Happy with the bike she has, Hannah Richardson, junior political science major, said she wouldn’t use a bike share program. Hoping others can feel the wind in their hair too, Richardson said she still supports the initiative. Photo by Claire Treu.
A survey is underway to measure student interest for a new bike share program at Chapman University, which some researchers say can decrease traffic congestion and improve the health of the pedalers who use it, according to a 2018 a report from Environmental Health Perspectives.
Chapman’s Student Government Association (SGA) drew up the survey in response to student requests and out of a desire to improve campus sustainability, said Ishani Patel, freshman business major and SGA’s Student Organization Senator.
If respondents show enthusiasm about the idea, SGA may bring in a bike share program for students and faculty, as early as next semester, according to Patel, who is heading the initiative. The survey will remain open until Mackenzie Crigger, Sustainability Manager, determines that enough students have participated, Patel said.
As of Feb. 27, “Mackenzie Crigger reached back to me and said that she had not yet pulled up the survey data,” Patel said. “Everything is up in the air, because this is still in the initial planning stages. Our first step is to garner student interest through this survey and go from there.”
While SGA isn’t looking for an exact number of positive responses to implement the program, “we just want approximately above a thousand students,” Patel said.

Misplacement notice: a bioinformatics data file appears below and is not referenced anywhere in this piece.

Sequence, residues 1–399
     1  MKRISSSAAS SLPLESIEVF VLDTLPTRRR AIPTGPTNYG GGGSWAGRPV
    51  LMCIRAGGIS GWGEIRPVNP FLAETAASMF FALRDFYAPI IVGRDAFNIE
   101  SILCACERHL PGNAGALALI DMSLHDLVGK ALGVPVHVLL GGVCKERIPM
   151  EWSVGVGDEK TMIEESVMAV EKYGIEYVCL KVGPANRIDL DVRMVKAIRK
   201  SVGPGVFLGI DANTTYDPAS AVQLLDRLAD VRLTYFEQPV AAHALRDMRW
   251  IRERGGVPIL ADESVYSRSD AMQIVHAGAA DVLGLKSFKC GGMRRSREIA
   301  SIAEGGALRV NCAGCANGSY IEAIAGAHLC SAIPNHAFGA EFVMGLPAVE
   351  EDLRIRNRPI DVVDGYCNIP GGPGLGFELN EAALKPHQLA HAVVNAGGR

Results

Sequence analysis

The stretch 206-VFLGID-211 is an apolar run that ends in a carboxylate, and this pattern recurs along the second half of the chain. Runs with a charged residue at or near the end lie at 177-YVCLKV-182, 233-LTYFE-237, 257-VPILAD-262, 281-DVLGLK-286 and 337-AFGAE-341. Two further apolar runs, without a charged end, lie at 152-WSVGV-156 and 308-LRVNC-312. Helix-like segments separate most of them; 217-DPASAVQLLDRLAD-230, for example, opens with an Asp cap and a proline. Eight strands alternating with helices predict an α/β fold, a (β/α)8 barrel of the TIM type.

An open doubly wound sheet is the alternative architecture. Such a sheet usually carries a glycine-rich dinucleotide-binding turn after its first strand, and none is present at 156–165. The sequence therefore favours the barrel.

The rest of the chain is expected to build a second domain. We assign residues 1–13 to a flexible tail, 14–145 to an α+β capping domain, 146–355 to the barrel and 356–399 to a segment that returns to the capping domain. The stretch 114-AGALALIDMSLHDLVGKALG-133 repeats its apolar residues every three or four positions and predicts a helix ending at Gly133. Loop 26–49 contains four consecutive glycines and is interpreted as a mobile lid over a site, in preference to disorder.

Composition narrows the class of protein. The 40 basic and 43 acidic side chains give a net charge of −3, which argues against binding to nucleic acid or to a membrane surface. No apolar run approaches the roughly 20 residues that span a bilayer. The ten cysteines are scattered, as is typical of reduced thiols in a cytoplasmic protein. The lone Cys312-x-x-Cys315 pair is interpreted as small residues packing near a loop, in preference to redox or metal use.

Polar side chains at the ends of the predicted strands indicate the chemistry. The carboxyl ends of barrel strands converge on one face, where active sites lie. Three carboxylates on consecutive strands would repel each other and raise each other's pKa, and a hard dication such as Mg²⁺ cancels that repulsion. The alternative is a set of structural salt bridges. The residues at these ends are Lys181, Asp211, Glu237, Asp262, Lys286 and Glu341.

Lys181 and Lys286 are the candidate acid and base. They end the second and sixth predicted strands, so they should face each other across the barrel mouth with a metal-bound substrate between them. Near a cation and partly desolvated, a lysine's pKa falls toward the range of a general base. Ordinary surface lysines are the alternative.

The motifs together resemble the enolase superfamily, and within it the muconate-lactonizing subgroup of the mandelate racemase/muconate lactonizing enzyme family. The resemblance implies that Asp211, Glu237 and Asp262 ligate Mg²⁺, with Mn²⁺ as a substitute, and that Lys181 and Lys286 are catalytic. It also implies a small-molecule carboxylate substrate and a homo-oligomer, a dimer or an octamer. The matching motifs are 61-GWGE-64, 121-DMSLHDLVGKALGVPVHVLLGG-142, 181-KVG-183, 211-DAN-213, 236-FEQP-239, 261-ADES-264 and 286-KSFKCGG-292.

Patel believes a bikeshare program would not only help students travel between classes, but allow them to run errands or go to the Orange Circle.
“I would hope it would be like Lime, where you would use an app and take a picture to unlock the bike,” Patel said.
For Lime, there is a $1 fee to start the scooter, and an additional 15 cents per minute used. Though Lime is an electric scooter company, Patel said the idea would be similar for bike sharing.
College campuses such as UCLA and Yale initiated bike share programs in 2017. Patel mentioned Pomona College for their efforts in increasing awareness about sustainability.
“One prime example of campus nearby that has a great bike-sharing program would be Pomona College,” Patel said.
This time last year Pomona College partnered with Ofo, a bike share company, to help students get all around campus, according to the Pomona College website. However, the program was short-lived.
“After the program launched in February with a free pilot, there were scattered complaints that the bikes were blocking paths,” according to The Student Life, the newspaper of the Claremont Colleges.
The semester after its implementation, Ofo left the Claremont Colleges. At this same time, the city of Claremont “banned electric sharing services while it studies their effects and works out potential regulations,” according to The Student Life. Most bike sharing systems use wireless electronic communication for bicycle pickup, drop-off and tracking, according to a study in 2013 in Journal of the Transportation Research Board.
Patel attributed Pomona’s failure to an Ofo business crisis. That aside, U.S. bike share use has gone up 25 percent from 2016 to 2017, with 35 million trips taken in 2017, according to the National Association of City Transportation Officials.
If there is enough interest, a program here would be built around the values of sustainability, value for money and health, Patel said.
If the initiative moves forward, SGA would have to consider how to deal with the issues of rider safety and theft.